Leaked footage of terrorist gameplay from Activision's Modern Warfare 2 has the Australian Council on Children and the Media calling for the game's MA15+ to be reconsidered, effectively banning it from sale.
The skippable scene of terrorist atrocities in Modern Warfare 2 first came to light via leaked footage on YouTube early yesterday. News travelled quickly, however, with an AP report dropping yesterday afternoon, distributing the news to just about every news organisation on the planet. Word obviously reached Australia, prompting Australian Council on Children and the Media Jane Roberts to call on the Australian Classification Board to reconsider the MA15+ rating the game received, which is the highest rating given games in the country. Reconsideration would effectively ban the game from release. Roberts claims that even with the MA15+ rating, the game would still be readily available to children.
"The consequences of terrorism are just abhorrent in our community and yet here we are with a product that's meant to be passed off as a leisure time activity, actually promoting what most world leaders speak out publicly against."
Do not read on if you wish to avoid Modern Warfare 2 spoilers.
Here's the report regarding the offending scene filed by the Classification Board that accompanied the MA15+ rating decision.
"Several civilians are shot with blood burst bullet wounds; civilian corpses are strewn across the airport floor, often in stylised pools of blood; injured civilians crawl away with lengthy blood trails behind them."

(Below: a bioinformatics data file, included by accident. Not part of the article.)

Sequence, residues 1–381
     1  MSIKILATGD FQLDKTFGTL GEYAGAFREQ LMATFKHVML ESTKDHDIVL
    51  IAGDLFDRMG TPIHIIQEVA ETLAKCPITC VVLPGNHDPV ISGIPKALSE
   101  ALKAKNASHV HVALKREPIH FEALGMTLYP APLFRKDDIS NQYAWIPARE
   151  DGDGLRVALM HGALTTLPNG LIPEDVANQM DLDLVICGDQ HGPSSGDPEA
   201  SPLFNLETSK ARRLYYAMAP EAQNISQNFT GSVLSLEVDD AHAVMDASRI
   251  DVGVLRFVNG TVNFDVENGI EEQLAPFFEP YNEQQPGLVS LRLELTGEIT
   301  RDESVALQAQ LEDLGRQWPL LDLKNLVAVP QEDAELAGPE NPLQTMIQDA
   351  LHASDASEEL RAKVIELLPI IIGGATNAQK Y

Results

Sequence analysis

The report goes on to mention that you cannot inflict post mortem damage on the civilians, and that all other missions of the game will result in failure if a civilian is shot.
Activision released a statement to Kotaku yesterday regarding the scene, explaining that it was "meant to evoke the atrocities of terrorism".
Back in Australia the debate rages on, with Nicholas Suzor, spokesman for the lobby group Electronic Frontiers Australia, using the situation to call for a R18+ rating for games released in the country, while rejecting the idea that a video game could foster terrorism.
"Films often show the villain's perspective and, by doing that, they get across the character's story and the heinous nature of people who carry out atrocities. Games, too, are becoming more expressive, and are telling more involved stories. We may make an argument that these sorts of topics are not suitable for children, but I don't at all accept that it is unsuitable for adults."
The Classification Board cannot review its own decisions, so anyone interested in getting the rating reviewed will have to apply directly to the board.
Call of Duty: Modern Warfare 2 is slated for Australian release on November 10.
Outrage as terrorist game lets players massacre civilians [The Sydney Morning Herald]